Scorpion Archipelago Base Camp October 31st 1997 12.20am

Once again, as the inflatable had whined off in pursuit of the other boat, looking as fragile as their hopes when it bounced on the waves, the Professor had been close to giving in to despair. He saw now that the loss of his daughter would succeed where all other setbacks in his life had failed; it would destroy him. No amphora was as precious as her life, returned safe and sound to him and nothing more ridiculous than ambition in an old, tired heart. Jim had placed a hand on his shoulder and said:

“That Cobus is a tough nut. I’m sure he and Pete between them can bring her back; if indeed she has been taken.”

Then Jim had wandered off towards the box of guns. A wise idea, thought Sutch; keep yourself busy. At least one of them was thinking straight. Jim had an old head on young shoulders, or better put, a practical one, since an old head had got them all into this mess. Had he taken the same liking to her as she had to the young photographer. Was the feeling mutual? Was Jim now going through his own private agonies, albeit nothing compared with Sutch’s?

Now he watched Catalina go to sit with Jim. The girl had been very quiet during most of this trip. She might have thought of herself as intrepid prior to this, but once the proverbial had hit the fan she had discovered otherwise. She had lost a friend and might lose another. There was every chance she was rethinking her ambitions for the expedition and they panned down to one stark aim – stay alive. Sutch wished he could give her absolute reassurance and security, but he was having a tough time just keeping himself together and it was no surprise that she sought strength instead in the company of a younger man, who was loading a gun; who lived in the present, not the past.

With that, Sutch returned to his tent, to continue with something he had started earlier, but abandoned, perhaps unwisely. Why had his mind refused to accept that myths and legends had an inevitable a core of truth? Had that not been the basic tenet of this expedition? He knew, now, he had just been acting like the three wise monkeys rolled into one. So he pulled out Tariq’s letter and started to read it again in detail, or at least the first page; the one he had concealed from the others after skimming through its contents.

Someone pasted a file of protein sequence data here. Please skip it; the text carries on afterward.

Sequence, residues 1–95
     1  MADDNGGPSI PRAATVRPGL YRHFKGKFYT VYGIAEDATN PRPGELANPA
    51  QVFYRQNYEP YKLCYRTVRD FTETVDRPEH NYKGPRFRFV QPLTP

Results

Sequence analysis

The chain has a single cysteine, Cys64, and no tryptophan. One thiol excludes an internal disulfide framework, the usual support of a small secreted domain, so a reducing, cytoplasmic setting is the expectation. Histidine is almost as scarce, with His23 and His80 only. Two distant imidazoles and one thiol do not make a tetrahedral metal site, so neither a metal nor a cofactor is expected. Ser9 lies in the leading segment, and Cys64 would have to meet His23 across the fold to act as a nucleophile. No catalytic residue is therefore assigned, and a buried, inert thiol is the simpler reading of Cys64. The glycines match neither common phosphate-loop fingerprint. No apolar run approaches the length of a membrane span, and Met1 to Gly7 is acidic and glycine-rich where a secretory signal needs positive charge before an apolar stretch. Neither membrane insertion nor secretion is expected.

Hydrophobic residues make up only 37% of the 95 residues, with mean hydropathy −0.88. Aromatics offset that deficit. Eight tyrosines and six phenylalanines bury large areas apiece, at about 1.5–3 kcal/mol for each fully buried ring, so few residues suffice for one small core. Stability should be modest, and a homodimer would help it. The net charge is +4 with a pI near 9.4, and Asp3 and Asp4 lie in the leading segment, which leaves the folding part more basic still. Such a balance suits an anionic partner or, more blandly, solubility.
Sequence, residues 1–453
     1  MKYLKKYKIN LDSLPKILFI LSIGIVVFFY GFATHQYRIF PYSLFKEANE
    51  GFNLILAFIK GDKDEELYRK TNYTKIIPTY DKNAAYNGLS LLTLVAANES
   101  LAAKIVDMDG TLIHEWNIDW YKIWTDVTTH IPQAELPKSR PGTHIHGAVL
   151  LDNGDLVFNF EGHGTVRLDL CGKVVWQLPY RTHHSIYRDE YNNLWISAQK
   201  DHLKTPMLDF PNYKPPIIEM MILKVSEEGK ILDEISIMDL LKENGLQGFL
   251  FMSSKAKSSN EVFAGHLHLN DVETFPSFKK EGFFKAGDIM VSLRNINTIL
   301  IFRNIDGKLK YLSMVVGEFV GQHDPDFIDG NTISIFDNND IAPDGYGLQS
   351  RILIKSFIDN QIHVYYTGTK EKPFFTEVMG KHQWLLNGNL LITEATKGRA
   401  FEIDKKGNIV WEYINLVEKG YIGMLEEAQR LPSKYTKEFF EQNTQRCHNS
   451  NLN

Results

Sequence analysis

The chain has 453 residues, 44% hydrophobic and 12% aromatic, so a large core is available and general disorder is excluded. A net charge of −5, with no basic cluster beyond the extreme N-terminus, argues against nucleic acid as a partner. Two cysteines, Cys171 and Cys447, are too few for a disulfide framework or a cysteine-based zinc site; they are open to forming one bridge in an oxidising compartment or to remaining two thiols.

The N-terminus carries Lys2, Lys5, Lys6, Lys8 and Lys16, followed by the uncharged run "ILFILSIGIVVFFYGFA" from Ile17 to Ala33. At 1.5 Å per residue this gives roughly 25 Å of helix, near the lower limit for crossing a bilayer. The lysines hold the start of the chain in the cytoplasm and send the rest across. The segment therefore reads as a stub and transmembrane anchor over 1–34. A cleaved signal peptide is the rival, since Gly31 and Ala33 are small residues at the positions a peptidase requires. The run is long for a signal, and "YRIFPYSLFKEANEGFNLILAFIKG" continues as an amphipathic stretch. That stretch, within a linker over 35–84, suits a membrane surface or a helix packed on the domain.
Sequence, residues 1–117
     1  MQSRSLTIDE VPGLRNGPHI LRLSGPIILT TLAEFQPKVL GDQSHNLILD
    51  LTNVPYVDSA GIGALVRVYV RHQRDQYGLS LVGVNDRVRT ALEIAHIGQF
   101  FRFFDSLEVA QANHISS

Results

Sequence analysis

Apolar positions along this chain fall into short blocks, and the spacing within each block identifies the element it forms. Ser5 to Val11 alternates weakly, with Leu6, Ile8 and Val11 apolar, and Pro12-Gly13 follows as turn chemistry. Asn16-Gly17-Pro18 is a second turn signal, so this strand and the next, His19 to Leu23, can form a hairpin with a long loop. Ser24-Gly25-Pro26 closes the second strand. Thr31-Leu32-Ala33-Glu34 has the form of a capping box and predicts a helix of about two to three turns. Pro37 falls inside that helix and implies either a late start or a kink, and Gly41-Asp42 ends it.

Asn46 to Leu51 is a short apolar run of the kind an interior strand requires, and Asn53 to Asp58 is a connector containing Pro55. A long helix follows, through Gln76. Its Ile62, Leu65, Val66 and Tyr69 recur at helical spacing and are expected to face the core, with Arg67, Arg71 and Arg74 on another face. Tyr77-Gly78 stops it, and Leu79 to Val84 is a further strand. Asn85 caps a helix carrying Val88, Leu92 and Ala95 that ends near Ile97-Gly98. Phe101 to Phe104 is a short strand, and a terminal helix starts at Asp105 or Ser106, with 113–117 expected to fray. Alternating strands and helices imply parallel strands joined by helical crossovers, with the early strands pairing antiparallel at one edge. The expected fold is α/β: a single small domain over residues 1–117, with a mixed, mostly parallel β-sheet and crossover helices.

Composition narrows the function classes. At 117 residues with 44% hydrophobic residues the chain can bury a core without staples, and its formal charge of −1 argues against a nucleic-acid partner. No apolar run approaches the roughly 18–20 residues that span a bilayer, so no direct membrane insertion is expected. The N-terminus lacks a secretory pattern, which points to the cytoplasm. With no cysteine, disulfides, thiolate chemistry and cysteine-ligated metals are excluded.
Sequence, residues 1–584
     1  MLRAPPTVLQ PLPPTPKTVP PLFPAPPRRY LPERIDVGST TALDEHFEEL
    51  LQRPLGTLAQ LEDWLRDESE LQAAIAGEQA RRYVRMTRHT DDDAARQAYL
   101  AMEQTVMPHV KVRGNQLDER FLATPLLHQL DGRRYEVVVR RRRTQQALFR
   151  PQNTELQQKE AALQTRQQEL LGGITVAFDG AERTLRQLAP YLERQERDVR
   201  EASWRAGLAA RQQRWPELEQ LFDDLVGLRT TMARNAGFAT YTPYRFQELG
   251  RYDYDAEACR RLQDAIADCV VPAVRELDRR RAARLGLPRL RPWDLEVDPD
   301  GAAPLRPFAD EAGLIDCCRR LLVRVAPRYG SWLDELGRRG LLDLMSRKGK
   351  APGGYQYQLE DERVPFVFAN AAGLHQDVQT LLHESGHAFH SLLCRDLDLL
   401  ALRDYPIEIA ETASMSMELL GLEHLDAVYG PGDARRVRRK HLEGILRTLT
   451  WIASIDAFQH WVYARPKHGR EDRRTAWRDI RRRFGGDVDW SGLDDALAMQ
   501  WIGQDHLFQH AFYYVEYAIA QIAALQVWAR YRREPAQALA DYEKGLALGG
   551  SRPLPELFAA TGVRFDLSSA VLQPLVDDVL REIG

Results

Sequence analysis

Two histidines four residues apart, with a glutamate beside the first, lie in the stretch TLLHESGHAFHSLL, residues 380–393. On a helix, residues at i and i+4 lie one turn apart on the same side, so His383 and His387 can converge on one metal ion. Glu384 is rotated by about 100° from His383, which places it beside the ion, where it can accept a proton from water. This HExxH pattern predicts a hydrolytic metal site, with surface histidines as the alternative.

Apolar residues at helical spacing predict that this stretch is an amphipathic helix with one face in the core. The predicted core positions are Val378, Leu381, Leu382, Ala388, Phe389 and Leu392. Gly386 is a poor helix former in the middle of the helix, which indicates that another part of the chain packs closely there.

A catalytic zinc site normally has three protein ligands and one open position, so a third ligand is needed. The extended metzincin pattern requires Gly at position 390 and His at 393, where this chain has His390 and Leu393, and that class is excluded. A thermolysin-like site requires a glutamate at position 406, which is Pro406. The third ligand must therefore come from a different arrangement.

This part was not so much a letter as a brief history written during the merchant’s final voyage and Sutch saw, too late, that keeping these details from the team had been unwise, even though they might have been dismissed as some fairy-tale. He saw, also, that the amphora brought with it a legacy of lies. From the moment he had set eyes on it, he had withheld information from people – Candice, Dirk, Arthur, the team. Did the amphora turn you from the path of truth? Tariq had lied, or at least bent the truth, on more than one occasion. As he considered the consequences of his own actions and read again the details in the letter, Professor Edward Sutch regretted that he had proved a worthy heir.

“In the anticipatory excitement of reaching my journey’s end, floating towards my Valhalla, and in the hope that you will find my body, here is the true story of how I came to be who I was on the day you met me. My people fled, not for the first time in our history, from persecution in the fourth century after your Christ was born, led by a mighty king and his powerful shaman, who promised that for us there would be, somewhere, a promised land. We preferred to take our chances with the sea than try to withstand the forces of so-called progress. We left what is now called South America and perhaps half of us were lost before our ships beached upon the archipelago, on which you now stand if you are reading this. We might have landed better elsewhere, but freedom, and land beneath your feet, count for so much.